LONDON – The woman who made the winning telephone bid at a London auction for Banksy's painting "Girl With Balloon," which was partially destroyed by the remote control moments after it was sold for $ 1.4 million, continues with the purchase at Same price, Sotheby's said in a statement on Thursday.
"When the hammer fell last week and the work was shattered, at first I was surprised, but little by little I began to realize that I would end up with my own piece of art history," said the buyer, who was identified only as "" European collector and a long-standing customer, "he said in the statement.
Joanna Brooks, the director of JBPR, who answers questions from Banksy's media, said that Sotheby's had requested a new authentication of the piece, which went through half of a shredder hidden in the frame. .
"It's a different job now, so I needed a new title." The shattered piece, entitled "Love is in the bin", received another certificate from Pest Control, Banksy's official authentication body. Neither Mrs. Brooks nor Sotheby's confirmed if Banksy had been the seller of the painting.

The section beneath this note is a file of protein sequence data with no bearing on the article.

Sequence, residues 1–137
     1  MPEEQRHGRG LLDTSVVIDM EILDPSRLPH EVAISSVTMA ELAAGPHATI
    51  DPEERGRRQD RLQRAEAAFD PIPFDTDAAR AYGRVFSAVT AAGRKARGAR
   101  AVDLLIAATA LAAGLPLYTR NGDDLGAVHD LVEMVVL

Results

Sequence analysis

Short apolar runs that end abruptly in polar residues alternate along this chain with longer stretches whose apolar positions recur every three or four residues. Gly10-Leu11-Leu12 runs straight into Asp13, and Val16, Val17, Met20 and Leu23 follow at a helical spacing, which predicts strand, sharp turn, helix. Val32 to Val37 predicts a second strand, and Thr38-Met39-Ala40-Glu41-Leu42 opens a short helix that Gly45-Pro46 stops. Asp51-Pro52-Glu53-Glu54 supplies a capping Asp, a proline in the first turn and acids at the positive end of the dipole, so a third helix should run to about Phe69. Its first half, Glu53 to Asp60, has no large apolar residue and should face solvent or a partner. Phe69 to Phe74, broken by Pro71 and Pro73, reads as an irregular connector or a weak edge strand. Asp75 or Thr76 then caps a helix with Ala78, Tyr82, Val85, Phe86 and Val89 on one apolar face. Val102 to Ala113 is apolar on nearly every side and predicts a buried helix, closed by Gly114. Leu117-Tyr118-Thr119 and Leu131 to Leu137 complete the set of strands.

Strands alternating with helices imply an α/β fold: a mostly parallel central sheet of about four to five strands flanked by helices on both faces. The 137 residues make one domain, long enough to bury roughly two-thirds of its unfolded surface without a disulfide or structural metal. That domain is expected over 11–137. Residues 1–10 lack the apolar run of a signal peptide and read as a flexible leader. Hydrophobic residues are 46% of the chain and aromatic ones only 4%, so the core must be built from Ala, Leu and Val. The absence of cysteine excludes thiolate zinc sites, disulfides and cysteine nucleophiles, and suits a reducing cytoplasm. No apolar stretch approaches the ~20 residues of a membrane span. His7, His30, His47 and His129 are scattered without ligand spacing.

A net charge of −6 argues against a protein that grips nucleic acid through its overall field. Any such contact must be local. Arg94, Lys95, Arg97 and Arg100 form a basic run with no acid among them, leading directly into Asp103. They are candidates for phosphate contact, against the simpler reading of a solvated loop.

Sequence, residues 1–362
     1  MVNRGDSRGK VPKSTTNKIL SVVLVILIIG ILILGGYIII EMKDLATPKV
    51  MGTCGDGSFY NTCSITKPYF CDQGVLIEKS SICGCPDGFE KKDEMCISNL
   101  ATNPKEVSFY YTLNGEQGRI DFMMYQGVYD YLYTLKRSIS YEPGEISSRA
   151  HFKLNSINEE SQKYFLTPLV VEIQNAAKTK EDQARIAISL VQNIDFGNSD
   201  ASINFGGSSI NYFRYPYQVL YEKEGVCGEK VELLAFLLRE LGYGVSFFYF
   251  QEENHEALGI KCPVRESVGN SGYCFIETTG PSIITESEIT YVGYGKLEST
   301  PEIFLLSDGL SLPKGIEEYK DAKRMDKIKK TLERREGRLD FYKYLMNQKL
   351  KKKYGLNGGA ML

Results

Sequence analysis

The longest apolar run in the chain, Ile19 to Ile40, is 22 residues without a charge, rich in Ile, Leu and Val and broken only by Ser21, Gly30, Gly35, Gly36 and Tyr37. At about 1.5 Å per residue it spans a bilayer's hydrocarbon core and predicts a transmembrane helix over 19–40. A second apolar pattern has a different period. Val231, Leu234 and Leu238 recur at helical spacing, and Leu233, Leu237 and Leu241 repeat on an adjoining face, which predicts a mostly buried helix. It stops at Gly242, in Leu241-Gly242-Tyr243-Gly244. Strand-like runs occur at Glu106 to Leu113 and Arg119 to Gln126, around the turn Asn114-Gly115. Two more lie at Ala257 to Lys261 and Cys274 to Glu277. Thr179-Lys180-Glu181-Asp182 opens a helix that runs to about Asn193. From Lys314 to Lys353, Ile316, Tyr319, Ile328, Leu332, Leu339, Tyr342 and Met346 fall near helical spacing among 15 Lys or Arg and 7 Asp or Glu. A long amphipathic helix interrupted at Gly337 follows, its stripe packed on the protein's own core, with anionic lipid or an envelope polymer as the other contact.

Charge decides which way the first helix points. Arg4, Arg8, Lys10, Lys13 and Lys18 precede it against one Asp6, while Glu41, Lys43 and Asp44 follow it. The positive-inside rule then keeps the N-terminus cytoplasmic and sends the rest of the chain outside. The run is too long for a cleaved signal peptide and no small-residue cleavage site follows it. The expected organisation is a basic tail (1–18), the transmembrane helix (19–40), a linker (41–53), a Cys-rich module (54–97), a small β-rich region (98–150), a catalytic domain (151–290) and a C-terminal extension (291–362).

After the winning bid was declared for "Girl With Balloon" at Sotheby's on October 5, the painting, hanging on the wall next to the staff members of the auction house, began to be destroyed, much to the surprise of the spectators. The crushing stopped in the middle of the canvas. (A photo posted on the private Instagram account of Caroline Lang, the president of Sotheby's Switzerland, showed a man in the sales room operating an electronic device hidden in a bag).
Merchants have speculated that this painting Banksy became More valuable after the artist's intervention created a memorable moment. At least one prominent critic has considered it a "masterpiece of radical performance."
"The urge to destroy is also a creative impulse," Banksy said in his Instagram account, where he posted a video on how he had prepared the shredder hidden in the frame.
Self-destructive painting is "the first work of art in history that was created live during an auction," said Alex Branczik, head of contemporary art in Europe at Sotheby's, about the incident in the statement.
"Banksy did not destroy a work of art in the auction, he created one," added Branczik.
The piece will be in public view at Sotheby's in London on Saturday and Sunday.